UAE cuts Friday sermons at mosques over sizzling heat

The sermons usually last for 20 minutes for the main weekly prayers on Fridays but can run even longer [Getty]

The United Arab Emirates has shortened Friday sermons at mosques to protect worshippers from severe heat, amid rising summer temperatures linked to climate change.

The General Authority of Islamic Affairs, in a statement on Thursday, ordered preachers to limit Friday sermons to 10 minutes from June to October, when temperatures cool.

The sermons usually last for 20 minutes for the main weekly prayers on Fridays but can run even longer, with large crowds gathering outside mosques at midday.

The decision was aimed at ensuring “the safety of worshippers… especially during the summer months”, the statement said.

It coincides with UAE authorities’ efforts to avoid heat strokes and other complications as temperatures approach 50 degrees Celsius (122 Fahrenheit) in parts of the country.

From June until September, the UAE prohibits work under direct sunlight and in open-air areas between noon and 3:00 pm as part of a longstanding “midday break” policy widely adopted across the Gulf.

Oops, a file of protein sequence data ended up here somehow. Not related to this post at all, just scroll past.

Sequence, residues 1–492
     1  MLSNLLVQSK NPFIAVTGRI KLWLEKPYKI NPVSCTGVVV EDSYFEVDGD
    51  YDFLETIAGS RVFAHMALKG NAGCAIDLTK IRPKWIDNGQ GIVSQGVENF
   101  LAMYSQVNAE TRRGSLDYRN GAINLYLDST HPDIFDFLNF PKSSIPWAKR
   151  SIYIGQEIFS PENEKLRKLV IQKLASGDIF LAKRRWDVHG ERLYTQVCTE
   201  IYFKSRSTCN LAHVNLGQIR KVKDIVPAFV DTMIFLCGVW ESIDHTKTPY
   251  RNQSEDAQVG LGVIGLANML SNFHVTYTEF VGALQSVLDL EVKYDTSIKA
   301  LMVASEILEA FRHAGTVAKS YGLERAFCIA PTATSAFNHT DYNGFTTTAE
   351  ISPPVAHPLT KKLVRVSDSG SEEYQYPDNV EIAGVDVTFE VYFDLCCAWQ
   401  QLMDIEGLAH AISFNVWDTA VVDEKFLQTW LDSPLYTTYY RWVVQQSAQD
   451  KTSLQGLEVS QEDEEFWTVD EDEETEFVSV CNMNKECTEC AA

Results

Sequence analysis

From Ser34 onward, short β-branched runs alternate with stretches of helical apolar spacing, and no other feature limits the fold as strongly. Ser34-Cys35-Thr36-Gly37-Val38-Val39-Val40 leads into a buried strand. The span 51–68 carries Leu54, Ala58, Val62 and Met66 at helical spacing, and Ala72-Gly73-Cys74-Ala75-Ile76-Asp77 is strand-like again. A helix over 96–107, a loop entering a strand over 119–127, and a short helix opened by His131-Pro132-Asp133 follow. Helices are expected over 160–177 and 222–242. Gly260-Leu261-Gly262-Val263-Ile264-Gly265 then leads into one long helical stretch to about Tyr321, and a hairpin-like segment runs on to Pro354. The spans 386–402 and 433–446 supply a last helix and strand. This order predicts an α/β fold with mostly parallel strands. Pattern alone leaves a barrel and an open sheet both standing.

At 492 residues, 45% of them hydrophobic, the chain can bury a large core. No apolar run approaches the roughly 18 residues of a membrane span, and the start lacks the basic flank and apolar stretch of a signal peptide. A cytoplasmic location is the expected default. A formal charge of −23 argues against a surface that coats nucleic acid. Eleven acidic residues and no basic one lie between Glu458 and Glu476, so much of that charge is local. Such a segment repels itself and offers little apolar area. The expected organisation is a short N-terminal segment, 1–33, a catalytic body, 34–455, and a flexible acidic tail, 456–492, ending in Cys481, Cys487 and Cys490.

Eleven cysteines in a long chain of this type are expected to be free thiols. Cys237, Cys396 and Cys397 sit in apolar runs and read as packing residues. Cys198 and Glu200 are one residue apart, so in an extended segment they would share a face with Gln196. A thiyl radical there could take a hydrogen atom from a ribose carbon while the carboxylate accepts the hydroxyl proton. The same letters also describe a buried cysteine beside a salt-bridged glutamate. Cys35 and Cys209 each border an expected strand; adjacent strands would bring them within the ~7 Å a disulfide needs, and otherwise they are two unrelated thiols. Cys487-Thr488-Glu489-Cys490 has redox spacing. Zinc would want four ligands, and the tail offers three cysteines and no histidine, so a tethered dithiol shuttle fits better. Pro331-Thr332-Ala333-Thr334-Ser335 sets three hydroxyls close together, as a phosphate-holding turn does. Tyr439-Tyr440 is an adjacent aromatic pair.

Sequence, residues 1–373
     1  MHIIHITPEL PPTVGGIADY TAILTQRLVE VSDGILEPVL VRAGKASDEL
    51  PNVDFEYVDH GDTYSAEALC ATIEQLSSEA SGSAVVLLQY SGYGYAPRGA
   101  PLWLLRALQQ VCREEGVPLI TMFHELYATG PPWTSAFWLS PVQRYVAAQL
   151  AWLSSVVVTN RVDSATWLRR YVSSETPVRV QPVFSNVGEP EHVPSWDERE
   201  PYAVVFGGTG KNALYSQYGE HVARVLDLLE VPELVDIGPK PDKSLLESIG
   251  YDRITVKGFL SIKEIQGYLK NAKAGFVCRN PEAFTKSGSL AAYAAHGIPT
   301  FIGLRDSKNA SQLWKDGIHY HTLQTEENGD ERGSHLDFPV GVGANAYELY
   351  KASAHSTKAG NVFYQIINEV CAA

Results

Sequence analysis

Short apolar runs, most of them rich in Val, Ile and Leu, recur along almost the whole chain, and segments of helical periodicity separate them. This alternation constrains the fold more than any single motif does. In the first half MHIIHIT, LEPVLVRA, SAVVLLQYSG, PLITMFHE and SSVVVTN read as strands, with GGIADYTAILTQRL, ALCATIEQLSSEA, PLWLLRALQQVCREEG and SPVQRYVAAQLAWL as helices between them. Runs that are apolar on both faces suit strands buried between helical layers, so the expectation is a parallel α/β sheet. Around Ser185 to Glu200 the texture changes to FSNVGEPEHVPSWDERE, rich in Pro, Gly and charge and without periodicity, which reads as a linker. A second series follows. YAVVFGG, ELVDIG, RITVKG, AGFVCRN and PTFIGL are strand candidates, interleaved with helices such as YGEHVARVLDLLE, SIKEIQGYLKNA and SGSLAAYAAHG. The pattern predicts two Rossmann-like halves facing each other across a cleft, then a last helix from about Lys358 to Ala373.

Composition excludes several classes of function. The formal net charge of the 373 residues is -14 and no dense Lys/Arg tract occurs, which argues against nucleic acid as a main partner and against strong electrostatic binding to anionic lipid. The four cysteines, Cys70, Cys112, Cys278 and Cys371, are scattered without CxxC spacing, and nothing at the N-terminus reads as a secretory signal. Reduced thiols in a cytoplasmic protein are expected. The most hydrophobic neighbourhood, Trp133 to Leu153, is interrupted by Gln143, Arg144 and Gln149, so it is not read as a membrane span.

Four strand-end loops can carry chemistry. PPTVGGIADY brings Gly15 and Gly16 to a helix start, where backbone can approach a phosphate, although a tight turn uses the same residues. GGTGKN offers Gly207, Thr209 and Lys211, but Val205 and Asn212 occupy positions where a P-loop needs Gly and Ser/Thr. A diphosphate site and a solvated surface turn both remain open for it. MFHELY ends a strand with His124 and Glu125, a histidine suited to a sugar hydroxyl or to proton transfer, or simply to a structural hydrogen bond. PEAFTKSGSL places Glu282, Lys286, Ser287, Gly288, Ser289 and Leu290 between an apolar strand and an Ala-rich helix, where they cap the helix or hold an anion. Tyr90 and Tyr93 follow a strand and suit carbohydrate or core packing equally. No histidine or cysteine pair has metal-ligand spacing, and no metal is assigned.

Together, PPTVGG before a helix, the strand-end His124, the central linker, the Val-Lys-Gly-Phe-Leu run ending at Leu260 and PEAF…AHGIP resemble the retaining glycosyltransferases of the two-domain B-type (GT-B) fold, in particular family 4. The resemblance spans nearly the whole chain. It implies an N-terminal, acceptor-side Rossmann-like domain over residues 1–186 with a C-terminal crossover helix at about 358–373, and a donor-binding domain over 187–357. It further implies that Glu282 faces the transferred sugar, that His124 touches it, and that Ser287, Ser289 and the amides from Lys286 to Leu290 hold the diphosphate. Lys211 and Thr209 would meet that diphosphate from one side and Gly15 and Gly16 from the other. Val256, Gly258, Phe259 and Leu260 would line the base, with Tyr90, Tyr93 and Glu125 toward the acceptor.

The desert region, already one of the world’s hottest, faces rising threats from high temperatures attributed to climate change.

Earlier this month, more than 1,300 people died while performing the annual Muslim hajj pilgrimage in Saudi Arabia during intense heat, according to Saudi authorities.

Most where unauthorised pilgrims who had to walk long distances under direct sunlight, according to the official Saudi Press Agency.

“Rising temperatures in the region, combined with high humidity, create dangerous conditions,” said Karim Elgendy, as associate fellow at the Chatham House think-tank.

“This presents a serious threat to human health in outdoor environments,” the climate expert told AFP.

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